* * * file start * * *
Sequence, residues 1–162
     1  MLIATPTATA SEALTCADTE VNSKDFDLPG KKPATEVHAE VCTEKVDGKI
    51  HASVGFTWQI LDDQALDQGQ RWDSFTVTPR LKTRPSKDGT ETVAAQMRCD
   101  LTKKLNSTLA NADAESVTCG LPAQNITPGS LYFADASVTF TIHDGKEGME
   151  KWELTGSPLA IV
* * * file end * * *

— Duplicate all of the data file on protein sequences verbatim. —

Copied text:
Sequence, residues 1–162
     1  MLIATPTATA SEALTCADTE VNSKDFDLPG KKPATEVHAE VCTEKVDGKI
    51  HASVGFTWQI LDDQALDQGQ RWDSFTVTPR LKTRPSKDGT ETVAAQMRCD
   101  LTKKLNSTLA NADAESVTCG LPAQNITPGS LYFADASVTF TIHDGKEGME
   151  KWELTGSPLA IV